Glaucoma: Why Dentistry Should Not Overlook this Eye Condition

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For as long as I can remember, my dad put drops in his eyes. When I got older, I felt comfortable asking him what they were for, and his answer was glaucoma. I had my vision checked this summer and asked for a test to see if I was headed down the same path, and I realized I had no idea what it really was, who was at higher risk, or whether it was preventable. Further, does glaucoma have an oral-systemic link or affect dental treatment?

Glaucoma is a group of optic nerve diseases that can lead to blindness. An eye has more than a million nerve fibers, and the optic nerve connects the retina to the brain. Pressure on those nerves can increase the risk of optic nerve damage. It is more common in older adults, and over three million Americans are afflicted, costing the United States $2.86 billion annually.1

High eye pressure increases your risk of glaucoma, but not everyone with high eye pressure will develop glaucoma. Most people’s eye pressure above 21 mmHg is typically associated with glaucoma, but eye damage can occur with lower pressure.2

Fluid normally flows out of a space between the cornea and the iris called the anterior chamber. When pressure elevates, fluid can’t drain normally. The opening has a spongy tissue called the trabecular meshwork. Sometimes the meshwork blocks the fluid from draining back into the bloodstream, elevating pressure inside the eye.2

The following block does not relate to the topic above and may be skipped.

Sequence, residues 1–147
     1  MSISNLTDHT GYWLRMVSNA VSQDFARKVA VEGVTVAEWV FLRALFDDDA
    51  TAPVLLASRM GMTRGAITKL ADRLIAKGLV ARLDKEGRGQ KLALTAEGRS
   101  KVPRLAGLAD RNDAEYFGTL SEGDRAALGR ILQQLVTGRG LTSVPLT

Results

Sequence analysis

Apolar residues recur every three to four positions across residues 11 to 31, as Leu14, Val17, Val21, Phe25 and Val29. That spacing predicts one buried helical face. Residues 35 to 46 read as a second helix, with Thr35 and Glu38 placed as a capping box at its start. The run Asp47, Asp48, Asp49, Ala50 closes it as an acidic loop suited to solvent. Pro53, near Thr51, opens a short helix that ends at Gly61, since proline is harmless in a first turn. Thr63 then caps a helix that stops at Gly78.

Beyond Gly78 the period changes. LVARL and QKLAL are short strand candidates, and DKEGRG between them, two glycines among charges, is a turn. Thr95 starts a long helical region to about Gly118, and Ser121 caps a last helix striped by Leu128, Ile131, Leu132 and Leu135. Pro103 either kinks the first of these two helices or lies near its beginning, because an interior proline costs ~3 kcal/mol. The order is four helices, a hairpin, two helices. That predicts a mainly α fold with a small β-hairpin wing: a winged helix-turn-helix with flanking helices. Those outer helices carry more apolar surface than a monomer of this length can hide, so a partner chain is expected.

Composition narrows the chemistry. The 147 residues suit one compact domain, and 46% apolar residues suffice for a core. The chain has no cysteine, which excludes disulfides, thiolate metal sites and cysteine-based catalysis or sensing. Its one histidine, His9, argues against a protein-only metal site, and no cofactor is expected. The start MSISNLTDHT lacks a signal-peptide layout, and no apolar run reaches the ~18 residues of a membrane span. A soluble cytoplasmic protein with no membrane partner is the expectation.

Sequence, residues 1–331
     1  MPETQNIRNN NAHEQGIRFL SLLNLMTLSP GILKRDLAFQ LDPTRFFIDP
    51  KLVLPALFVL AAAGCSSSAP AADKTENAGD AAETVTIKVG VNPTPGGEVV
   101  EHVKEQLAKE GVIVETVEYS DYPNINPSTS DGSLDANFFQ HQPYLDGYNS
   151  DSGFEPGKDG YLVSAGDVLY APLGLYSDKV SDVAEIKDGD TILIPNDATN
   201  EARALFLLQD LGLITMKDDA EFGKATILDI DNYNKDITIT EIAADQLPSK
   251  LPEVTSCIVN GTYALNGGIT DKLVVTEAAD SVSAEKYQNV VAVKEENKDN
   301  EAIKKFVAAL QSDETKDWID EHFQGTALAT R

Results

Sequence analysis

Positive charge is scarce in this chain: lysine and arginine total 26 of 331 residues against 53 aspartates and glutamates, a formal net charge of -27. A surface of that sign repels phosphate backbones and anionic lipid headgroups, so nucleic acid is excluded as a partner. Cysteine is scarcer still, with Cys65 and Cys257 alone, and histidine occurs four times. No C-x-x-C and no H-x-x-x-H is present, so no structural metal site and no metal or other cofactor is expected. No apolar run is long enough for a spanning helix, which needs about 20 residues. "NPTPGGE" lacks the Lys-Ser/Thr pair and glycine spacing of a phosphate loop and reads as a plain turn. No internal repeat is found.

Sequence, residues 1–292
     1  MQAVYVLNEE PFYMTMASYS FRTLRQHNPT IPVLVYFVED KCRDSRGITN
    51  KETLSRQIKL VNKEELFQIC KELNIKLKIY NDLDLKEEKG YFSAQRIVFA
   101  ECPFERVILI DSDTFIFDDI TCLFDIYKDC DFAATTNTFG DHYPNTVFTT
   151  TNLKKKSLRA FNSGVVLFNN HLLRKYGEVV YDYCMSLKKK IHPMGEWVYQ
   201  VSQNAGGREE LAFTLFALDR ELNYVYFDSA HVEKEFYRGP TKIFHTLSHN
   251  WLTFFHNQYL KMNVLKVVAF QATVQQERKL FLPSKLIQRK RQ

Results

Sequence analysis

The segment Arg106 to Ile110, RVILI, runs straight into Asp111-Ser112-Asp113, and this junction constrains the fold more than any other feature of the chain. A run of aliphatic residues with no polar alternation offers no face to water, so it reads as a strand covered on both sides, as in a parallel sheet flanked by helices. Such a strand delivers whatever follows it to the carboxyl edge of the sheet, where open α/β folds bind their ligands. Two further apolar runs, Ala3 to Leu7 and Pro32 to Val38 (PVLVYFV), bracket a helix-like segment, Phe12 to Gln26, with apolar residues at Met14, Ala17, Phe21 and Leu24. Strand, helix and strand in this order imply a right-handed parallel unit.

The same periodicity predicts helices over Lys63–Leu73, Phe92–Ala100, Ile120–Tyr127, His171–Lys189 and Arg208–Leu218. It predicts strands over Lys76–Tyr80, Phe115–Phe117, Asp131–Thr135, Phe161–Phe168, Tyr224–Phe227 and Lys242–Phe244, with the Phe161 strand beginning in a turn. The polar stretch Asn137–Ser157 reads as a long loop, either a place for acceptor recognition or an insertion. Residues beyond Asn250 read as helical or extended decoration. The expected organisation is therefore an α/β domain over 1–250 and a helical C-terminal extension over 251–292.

Prevention can be confusing. There is no current way to prevent primary glaucoma. However, there is prevention of blindness from glaucoma. Some types of secondary glaucoma are caused by an underlying condition – such as eye infections, inflammation, medications, previous eye injuries, or eye surgery – that can be prevented.3

Primary Open-angle and Closed-angle Glaucoma

In open-angle glaucoma, the fluid passes too slowly; in closed-angle glaucoma, the opening becomes entirely blocked by the outer edge of the iris. Initially, in open-angle, there can be no symptoms. But peripheral vision is lost at some point, and without treatment, a person can become totally blind. 4,5

Some risk factors for open-angle glaucoma are diabetes, high blood pressure, eye injury, or the use of corticosteroids. Nine in 10 people with glaucoma have open-angle, which can be hereditary. There is a higher risk with an immediate family member, and researchers have identified at least 16 genes that cause this glaucoma to date.4,5